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Trends Pharmacol Sci. 1992 Apr;13(4):152-9.

A subfamily of 5-HT1D receptor genes.

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Synaptic Pharmaceuticals (formerly Neurogenetic Corporation), Paramus, NJ 07562.


The recent discovery and characterization of three new 5-HT1 receptor clones and the pharmacological characterization of one orphan receptor (dog RDC4) has revealed a surprising complexity within the 5-HT1D receptor subfamily. This receptor subfamily, which is believed to be the target of the anti-migraine drug sumatriptan and may regulate feeding behavior, anxiety, depression, cardiac function and movement, can now be approached on a molecular level. These cloning discoveries have also taught us an important general lesson about the molecular pharmacology of G protein-coupled receptor genes: species homologues of a gene (the equivalent gene in different species) may be highly homologous in amino acid sequence yet display very different pharmacological properties. Conversely, two different genes in the same species (intraspecies subtypes) that display only moderate degrees of transmembrane amino acid homology can display nearly indistinguishable pharmacological properties. In discussing the implications of these findings for both 5-HT receptors and G protein-linked receptors in general, Paul Hartig, Theresa Branchek and Richard Weinshank approach the question: why have so many receptor subtypes been preserved in the genome? In addition, controversy has been raging for several years over the classification of 5-HT1B receptors (found only in rat brain) and 5-HT1D receptors. Were they different subtypes or simply species homologues of the same receptor? Recent cloning studies have apparently complicated this issue, but the answer to the question is, in fact, becoming clearer.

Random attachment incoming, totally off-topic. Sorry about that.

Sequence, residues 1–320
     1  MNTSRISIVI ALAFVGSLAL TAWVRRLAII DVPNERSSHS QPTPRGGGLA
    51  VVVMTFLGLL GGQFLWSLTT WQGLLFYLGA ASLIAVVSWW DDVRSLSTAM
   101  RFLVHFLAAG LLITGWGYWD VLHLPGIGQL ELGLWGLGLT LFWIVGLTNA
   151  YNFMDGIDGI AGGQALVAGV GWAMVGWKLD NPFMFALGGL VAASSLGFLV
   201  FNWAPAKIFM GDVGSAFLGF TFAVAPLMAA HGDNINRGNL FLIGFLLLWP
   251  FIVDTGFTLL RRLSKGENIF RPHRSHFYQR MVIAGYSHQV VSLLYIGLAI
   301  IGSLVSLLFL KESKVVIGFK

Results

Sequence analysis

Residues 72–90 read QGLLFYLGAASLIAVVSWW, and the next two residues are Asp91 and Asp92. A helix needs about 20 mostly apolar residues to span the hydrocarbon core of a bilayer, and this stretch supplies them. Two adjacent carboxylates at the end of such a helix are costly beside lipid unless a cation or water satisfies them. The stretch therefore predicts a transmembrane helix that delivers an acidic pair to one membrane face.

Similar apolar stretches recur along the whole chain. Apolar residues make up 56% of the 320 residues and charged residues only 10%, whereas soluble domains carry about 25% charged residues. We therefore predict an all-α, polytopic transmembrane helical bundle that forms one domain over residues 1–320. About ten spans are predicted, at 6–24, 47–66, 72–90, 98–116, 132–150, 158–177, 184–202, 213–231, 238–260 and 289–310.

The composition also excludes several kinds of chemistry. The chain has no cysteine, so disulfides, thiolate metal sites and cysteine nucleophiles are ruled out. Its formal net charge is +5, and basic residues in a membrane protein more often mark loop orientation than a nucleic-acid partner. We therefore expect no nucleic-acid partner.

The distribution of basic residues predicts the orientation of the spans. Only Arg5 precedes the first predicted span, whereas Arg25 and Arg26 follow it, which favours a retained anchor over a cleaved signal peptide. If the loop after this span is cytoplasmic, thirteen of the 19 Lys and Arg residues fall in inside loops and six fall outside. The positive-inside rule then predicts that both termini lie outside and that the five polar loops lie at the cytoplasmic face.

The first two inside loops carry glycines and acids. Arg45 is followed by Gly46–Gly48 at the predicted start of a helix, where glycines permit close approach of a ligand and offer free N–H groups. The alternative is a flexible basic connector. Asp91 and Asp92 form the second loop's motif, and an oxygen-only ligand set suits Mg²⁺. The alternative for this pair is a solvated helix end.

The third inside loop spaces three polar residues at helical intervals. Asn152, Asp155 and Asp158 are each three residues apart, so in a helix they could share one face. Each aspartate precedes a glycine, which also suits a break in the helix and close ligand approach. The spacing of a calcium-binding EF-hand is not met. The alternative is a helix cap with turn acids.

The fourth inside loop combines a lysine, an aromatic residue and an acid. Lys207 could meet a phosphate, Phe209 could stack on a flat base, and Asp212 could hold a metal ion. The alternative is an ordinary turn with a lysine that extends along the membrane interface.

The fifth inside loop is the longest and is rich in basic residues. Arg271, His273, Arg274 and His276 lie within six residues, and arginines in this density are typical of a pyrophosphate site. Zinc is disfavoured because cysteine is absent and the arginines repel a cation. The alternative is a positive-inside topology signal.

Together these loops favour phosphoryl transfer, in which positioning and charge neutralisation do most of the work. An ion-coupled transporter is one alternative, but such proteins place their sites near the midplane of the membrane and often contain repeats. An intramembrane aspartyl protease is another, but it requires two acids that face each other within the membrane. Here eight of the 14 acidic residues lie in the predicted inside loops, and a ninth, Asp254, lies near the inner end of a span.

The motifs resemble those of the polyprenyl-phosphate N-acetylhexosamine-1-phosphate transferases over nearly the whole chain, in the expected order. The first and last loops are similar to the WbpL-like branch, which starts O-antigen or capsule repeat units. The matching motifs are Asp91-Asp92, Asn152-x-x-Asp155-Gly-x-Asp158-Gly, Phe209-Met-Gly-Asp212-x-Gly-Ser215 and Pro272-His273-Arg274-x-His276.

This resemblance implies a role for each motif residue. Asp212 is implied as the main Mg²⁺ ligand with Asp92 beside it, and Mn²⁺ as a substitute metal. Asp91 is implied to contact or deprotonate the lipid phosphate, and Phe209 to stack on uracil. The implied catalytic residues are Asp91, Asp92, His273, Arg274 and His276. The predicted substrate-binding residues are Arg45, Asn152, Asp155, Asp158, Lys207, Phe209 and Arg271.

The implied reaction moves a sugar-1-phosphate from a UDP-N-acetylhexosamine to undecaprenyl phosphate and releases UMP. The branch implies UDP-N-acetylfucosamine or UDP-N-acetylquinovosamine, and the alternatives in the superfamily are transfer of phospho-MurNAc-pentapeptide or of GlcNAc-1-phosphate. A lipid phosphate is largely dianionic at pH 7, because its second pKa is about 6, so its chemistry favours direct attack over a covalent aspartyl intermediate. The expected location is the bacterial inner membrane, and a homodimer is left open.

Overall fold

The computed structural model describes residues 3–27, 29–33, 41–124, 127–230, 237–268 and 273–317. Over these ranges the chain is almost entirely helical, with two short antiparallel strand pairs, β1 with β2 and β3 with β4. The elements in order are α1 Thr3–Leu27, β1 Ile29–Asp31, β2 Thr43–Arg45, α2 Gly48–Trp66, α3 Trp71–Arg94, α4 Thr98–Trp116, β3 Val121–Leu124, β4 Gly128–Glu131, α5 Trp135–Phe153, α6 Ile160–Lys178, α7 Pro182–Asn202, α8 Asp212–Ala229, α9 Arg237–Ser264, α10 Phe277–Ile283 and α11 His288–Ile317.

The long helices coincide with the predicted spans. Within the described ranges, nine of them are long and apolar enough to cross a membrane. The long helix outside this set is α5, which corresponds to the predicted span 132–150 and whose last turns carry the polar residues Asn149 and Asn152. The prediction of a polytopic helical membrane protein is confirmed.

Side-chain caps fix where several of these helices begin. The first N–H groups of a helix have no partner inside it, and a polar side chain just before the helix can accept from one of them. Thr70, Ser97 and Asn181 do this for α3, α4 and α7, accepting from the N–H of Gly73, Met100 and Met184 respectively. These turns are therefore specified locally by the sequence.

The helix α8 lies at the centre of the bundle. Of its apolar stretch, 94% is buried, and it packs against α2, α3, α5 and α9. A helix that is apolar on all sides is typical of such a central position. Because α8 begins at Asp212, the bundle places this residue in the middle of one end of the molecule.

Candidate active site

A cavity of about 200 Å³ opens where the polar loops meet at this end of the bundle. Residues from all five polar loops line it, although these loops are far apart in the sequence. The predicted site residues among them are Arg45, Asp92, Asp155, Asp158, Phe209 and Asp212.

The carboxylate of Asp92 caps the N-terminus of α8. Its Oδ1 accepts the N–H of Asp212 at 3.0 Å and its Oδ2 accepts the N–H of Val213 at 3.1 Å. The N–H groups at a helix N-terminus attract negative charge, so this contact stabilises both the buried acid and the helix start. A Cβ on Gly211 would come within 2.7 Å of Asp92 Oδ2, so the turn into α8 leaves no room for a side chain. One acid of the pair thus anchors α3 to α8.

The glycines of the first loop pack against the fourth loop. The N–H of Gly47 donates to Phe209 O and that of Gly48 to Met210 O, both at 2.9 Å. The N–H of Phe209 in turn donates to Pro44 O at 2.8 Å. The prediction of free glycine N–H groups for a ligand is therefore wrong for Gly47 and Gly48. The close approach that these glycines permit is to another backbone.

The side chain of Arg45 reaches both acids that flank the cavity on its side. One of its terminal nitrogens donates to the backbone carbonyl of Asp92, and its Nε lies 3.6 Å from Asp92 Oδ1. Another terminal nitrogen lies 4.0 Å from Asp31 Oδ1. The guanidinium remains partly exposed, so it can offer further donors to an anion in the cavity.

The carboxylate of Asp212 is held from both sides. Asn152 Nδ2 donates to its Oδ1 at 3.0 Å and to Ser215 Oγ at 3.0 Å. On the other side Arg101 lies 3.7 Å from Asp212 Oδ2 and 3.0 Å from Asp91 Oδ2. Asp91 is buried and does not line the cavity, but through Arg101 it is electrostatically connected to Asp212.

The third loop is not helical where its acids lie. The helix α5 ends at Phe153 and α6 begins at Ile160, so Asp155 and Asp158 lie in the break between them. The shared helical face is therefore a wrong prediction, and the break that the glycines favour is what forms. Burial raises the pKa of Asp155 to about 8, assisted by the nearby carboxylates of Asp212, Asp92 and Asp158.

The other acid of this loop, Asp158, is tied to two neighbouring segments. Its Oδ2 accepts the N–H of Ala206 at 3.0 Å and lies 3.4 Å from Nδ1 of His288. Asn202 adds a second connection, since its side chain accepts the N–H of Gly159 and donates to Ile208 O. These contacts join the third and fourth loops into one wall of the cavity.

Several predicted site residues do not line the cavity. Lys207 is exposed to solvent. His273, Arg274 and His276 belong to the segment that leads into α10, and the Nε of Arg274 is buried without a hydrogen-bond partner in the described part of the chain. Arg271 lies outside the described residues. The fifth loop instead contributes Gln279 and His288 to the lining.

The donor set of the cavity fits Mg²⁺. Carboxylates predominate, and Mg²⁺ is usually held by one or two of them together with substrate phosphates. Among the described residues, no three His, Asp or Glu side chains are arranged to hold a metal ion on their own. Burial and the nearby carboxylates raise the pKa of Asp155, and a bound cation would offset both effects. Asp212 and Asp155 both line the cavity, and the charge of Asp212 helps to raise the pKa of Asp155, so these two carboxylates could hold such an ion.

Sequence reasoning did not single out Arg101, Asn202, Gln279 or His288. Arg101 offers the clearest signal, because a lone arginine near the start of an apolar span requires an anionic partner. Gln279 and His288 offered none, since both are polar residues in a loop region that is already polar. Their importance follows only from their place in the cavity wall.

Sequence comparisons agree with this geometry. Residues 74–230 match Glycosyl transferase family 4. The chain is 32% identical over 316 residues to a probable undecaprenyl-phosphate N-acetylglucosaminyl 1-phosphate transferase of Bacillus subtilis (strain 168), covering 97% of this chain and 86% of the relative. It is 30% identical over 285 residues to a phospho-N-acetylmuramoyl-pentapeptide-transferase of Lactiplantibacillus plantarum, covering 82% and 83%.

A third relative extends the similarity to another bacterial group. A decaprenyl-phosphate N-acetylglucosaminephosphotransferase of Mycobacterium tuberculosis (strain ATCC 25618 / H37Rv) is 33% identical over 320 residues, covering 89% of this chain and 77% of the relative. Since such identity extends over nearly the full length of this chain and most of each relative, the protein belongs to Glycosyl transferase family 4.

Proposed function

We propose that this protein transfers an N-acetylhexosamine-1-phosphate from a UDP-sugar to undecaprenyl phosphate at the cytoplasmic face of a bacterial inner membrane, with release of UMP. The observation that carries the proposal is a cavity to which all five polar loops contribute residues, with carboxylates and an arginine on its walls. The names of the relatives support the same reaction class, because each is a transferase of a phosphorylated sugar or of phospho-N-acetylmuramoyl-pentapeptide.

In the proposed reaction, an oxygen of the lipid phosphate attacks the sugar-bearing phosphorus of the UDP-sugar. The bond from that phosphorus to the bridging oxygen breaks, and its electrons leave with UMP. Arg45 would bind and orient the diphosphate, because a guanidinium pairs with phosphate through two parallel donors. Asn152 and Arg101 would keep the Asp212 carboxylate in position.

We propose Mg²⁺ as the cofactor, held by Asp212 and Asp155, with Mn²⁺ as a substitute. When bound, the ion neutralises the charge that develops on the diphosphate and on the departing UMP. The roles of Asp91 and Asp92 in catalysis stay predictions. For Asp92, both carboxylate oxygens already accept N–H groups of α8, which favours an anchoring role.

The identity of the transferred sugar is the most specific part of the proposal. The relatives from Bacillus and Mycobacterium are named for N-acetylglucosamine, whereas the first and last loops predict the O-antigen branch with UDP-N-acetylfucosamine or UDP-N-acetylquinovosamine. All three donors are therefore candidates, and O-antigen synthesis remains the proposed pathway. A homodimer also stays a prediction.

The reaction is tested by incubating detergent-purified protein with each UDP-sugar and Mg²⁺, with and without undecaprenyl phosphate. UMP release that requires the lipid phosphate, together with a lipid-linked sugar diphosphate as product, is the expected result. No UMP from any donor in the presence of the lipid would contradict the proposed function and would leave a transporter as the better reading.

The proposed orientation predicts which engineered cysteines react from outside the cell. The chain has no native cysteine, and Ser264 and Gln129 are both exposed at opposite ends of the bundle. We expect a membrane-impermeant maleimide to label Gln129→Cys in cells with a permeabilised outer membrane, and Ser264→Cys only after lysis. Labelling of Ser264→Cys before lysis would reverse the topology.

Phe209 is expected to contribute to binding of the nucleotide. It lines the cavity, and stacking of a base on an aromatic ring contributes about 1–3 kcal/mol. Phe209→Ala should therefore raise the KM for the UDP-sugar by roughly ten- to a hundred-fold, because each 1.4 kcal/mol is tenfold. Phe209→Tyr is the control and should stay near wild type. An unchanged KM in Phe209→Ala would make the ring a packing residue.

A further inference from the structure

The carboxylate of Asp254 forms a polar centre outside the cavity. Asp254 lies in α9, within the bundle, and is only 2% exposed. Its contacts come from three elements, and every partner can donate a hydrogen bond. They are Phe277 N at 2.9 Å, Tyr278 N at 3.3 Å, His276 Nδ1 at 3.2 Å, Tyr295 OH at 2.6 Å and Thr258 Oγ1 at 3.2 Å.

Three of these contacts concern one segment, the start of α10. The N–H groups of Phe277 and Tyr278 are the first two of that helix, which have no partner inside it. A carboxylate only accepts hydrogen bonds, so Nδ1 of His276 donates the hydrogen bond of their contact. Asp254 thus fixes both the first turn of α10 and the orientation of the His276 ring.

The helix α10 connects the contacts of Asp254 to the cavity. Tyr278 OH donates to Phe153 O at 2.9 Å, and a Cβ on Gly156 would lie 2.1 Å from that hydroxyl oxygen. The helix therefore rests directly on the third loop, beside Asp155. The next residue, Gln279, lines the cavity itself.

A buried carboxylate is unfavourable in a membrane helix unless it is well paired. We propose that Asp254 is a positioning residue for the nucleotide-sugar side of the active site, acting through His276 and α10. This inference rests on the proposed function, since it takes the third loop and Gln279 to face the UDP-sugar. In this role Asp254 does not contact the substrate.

[Indexed for MEDLINE]

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